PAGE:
• Kate Burns (Provost and Vice Chancellor of Academic Affairs) and Kris Vespia (Center for the Advancement of Teaching and Learning Director)

9:00 – 10:00 a.m. | Keynote Address

  • Hopeful Teaching in Less-Than-Hopeful Times
    Dr. Kevin Gannon (Center for the Advancement of Faculty Excellence Director, Queens University)

10:15 – 11:00 a.m. | Session #1

Concurrent Session Options:

  • Community-Based Learning: A Pillar of Thriving in College and Beyond
    Katia Levintova (Professor), Isabel Gosse (UW-Green Bay Student), Ashley Heath (Academic Program Manager), Heather Kaminski (Assistant Professor), Grace Knudsen (Campus Compact AmeriCorps VISTA), Beth Kowalski (Director, Neville Public Museum), & Brady Reinhard (UW-Green Bay Student)
  • The Role of Resilience in Non-Clinical Case Management at UW-Green Bay
    Erin A. Van Daalwyk (Dean of Students) & Katie Morois (Assistant Dean of Students)
  • Holistically Envisioning “Real-World” Applicability: A Conversation
    David Voelker (Professor)

11:05 – 11:50 a.m. | Session #2

Concurrent Session Options:

  • Trust No One: Implementing Information Literacy in a First-Year Seminar
    Clifton Ganyard (Associate Professor) & Renee Ettinger (Assistant Director, Library Research Services)
  • Thriving OER Projects at UWGB: A Roundtable Discussion
    Carli Reinecke (OER Librarian), Joan Groessl (Associate Professor), Amy Kabrhel (Associate Professor), Kevin Kain (Teaching Professor), & Sawa Senzaki (Professor)
  • The Myth of Standard Language Ideology: Language Inclusivity in the Higher Education Classroom
    Cory Mathieu (Assistant Professor) & Shara Cherniak (Assistant Teaching Professor)

11:55 a.m. – 12:25 p.m. | Lunch

  • Psychology and Stuff Podcast: Evidence-Based Strategies for Thriving in Academia
    Alison Jane Martingano (Assistant Professor), Jason Cowell (Professor), Tom Gretton (Assistant Professor), Ryan Martin (Dean, College of Arts, Humanities, and Social Sciences), Abigail Nehrkorn-Bailey (Assistant Professor), Georjeanna Wilson-Doenges (Professor), & Chelsea Wooding (Assistant Professor)

12:30 – 1:30 p.m. | Keynote Workshop #1

  • Sustaining Our Students and Ourselves in Online Teaching and Learning
    Dr. Kevin Gannon (Center for the Advancement of Faculty Excellence Director, Queens University)

1:45 – 2:30 p.m.| Session #3

Concurrent Session Options:

  • Foundations for the Thriving Student in the Age of ChatGPT
    Jodi Pierre (Research Librarian) & Kristopher Purzycki (Assistant Professor)
  • What the Health? Strategies to Thrive in the Stressful World of Higher Education
    Jared Dalberg (Associate Professor)
  • Slaying the “Techno-issue” Dragon
    Vallari Chandna (Professor), Anup Nair (Assistant Teaching Professor), & Praneet Tiwari (Assistant Teaching Professor)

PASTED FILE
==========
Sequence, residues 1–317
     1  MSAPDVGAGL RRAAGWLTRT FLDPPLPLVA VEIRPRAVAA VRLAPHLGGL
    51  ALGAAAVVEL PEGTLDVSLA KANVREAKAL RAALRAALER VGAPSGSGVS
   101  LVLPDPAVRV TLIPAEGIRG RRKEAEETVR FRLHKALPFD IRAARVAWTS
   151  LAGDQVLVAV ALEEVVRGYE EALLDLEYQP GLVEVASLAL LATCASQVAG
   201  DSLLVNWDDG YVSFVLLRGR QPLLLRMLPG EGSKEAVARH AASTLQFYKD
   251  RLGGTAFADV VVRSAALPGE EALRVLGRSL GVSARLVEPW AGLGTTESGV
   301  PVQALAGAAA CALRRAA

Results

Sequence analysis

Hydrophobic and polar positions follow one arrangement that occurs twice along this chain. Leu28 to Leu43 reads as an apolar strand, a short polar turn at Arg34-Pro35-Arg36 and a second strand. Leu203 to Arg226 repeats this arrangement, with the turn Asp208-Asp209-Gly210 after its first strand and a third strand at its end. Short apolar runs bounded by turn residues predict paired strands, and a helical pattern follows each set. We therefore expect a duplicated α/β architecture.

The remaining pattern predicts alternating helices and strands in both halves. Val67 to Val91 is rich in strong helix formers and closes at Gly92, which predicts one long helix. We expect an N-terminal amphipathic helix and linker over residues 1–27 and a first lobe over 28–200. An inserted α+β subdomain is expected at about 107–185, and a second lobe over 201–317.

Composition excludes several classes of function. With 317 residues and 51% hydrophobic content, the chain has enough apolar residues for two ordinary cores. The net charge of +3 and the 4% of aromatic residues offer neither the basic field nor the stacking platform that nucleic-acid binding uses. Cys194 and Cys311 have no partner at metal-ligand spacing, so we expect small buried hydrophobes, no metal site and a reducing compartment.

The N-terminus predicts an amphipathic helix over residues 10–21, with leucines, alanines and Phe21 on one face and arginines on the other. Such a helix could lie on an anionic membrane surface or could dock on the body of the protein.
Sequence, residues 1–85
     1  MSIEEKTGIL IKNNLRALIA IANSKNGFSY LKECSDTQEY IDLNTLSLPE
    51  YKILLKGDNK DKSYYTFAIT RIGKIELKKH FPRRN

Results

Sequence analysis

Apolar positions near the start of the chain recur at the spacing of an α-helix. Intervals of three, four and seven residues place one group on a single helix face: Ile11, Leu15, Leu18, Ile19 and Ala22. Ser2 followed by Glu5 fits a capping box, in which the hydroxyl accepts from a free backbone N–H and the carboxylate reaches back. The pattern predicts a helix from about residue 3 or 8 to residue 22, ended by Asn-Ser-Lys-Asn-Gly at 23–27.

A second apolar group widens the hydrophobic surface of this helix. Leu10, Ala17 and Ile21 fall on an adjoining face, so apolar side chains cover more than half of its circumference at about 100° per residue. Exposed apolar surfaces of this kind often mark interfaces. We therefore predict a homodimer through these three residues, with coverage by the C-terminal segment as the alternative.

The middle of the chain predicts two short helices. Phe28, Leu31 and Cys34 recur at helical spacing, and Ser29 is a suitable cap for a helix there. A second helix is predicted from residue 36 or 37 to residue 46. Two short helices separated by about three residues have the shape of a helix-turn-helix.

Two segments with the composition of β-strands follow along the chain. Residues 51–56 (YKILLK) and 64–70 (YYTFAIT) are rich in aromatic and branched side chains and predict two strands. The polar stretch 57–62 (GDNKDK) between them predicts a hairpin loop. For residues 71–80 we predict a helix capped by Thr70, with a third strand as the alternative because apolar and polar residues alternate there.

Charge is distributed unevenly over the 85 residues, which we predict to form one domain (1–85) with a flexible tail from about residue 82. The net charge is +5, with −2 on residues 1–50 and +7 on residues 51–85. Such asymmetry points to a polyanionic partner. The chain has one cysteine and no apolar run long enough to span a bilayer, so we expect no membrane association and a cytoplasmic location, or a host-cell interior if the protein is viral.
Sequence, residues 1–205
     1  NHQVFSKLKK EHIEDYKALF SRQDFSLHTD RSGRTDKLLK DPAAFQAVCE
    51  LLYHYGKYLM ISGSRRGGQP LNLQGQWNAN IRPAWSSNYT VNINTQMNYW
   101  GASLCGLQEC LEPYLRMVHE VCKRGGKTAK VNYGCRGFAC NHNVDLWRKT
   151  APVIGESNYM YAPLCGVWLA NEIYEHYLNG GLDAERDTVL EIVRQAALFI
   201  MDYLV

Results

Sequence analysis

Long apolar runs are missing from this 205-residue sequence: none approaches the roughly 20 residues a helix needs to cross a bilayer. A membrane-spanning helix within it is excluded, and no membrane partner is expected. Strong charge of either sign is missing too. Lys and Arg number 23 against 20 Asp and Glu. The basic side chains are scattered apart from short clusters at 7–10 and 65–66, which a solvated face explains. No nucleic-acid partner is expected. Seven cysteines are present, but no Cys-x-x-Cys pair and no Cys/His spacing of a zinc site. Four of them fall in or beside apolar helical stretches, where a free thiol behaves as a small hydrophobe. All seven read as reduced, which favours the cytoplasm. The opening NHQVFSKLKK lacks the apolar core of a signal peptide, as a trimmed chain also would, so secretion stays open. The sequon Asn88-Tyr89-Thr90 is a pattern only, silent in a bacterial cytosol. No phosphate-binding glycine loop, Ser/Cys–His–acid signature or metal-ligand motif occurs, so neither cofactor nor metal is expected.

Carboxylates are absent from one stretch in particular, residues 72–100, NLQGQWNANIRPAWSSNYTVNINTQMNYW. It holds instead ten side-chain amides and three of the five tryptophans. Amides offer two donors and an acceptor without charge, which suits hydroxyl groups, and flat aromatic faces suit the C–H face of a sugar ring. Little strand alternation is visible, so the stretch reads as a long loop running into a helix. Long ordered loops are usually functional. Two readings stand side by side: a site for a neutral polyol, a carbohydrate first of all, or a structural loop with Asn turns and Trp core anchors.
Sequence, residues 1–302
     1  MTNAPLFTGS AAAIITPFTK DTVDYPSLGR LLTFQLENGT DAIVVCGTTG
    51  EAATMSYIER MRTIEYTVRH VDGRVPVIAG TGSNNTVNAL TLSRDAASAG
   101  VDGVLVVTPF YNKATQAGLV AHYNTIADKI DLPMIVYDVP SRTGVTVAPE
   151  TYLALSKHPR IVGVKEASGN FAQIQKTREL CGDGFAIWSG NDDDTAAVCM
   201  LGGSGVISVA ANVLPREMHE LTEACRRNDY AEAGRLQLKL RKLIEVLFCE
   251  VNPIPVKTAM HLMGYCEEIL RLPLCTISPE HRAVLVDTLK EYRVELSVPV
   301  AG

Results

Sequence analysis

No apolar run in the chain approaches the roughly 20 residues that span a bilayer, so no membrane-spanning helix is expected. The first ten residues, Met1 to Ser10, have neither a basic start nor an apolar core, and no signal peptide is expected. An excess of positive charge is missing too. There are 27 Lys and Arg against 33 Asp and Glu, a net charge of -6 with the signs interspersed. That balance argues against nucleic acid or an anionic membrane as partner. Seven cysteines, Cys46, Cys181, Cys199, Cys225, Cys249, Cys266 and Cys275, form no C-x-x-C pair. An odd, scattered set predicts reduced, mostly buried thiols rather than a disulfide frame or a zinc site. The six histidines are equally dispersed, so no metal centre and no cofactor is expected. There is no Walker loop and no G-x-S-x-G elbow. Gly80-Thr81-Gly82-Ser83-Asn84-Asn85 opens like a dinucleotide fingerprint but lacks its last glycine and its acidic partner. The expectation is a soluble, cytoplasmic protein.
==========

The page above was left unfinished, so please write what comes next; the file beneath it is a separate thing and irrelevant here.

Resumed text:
2:45 – 3:45 p.m. | Keynote Workshop #2

  • (Re) Connecting with Students After “Pandemic Pedagogy”
    Dr. Kevin Gannon (Center for the Advancement of Faculty Excellence Director, Queens University)

3:45 – 4:00 p.m. | Wrap-Up

  • Kris Vespia (Center for the Advancement of Teaching and Learning Director)


  • Combining Engineering Ethics and Information Literacy in a STEM First-Year Seminar
    Nabila Rubaiya (Assistant Teaching Professor) & Jodi Pierre (Research Librarian)
  • Escape from the Chemistry Lab!
    Breeyawn Lybbert (Associate Professor)

Institute FAQs

A: The 2024 IDI is completely virtual and will be held through a Canvas course. The conference will feature a keynote address and two workshops led by Dr. Kevin Gannon. In addition to Dr. Gannon’s sessions, attendees will also be able to engage with a variety of live and one-demand presentations hosted by UWGB faculty, staff, and community partners. 

A: Everyone who registers for the conference will be sent an email on January 2, 2024, with a link to self-enroll in the IDI Canvas course. Follow the steps in the email to set up a Canvas account (if applicable) and complete the self-enrollment process.  By joining the IDI Canvas course, you will have full access to all the live and on-demand sessions, materials, and discussions. If you have any issues joining the course, please contact us at 

A: All live conference sessions will be hosted through Zoom and links to each individual Zoom session will be made available within the IDI Canvas course at 8 a.m. on Tuesday, January 9, 2024.

A: In addition to the live presentations, you can also explore a mix of on-demand sessions from pre-recorded presentations, podcasts, and online resources that explore concepts in teaching and learning. These sessions will be available in the IDI Canvas course and can be accessed after the conference as well.  

A: Yes, all live sessions will be recorded and posted in the IDI Canvas course after the conference. We will post an announcement in the course once all session recordings have been made available. You will be able to watch the recordings at any time up to a year after the conference date. 

A: Yes! The 2024 IDI is free and open to all educators in the UW system and beyond. 

A: Yes, we welcome those who are unable to attend live on Jan. 9 to still register for access to the session recordings after the conference. 

Leave a Reply

Your email address will not be published. Required fields are marked *